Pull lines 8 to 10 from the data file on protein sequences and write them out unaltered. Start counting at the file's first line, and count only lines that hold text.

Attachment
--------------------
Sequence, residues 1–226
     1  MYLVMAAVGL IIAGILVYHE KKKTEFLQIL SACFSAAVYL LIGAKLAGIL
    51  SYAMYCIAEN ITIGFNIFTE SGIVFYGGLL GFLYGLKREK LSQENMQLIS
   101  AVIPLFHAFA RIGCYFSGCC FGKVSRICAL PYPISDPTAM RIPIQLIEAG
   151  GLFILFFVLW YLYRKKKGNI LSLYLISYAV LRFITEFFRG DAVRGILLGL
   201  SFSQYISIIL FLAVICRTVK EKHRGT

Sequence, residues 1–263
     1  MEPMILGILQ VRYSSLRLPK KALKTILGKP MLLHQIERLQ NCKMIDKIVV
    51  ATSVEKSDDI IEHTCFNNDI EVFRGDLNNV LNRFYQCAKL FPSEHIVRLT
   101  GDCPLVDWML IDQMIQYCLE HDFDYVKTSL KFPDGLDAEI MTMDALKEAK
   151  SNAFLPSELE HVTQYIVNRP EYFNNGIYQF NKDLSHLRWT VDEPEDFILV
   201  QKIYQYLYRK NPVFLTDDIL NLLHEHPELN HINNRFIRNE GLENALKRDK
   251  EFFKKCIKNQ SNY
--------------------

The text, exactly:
     1  MEPMILGILQ VRYSSLRLPK KALKTILGKP MLLHQIERLQ NCKMIDKIVV
    51  ATSVEKSDDI IEHTCFNNDI EVFRGDLNNV LNRFYQCAKL FPSEHIVRLT
   101  GDCPLVDWML IDQMIQYCLE HDFDYVKTSL KFPDGLDAEI MTMDALKEAK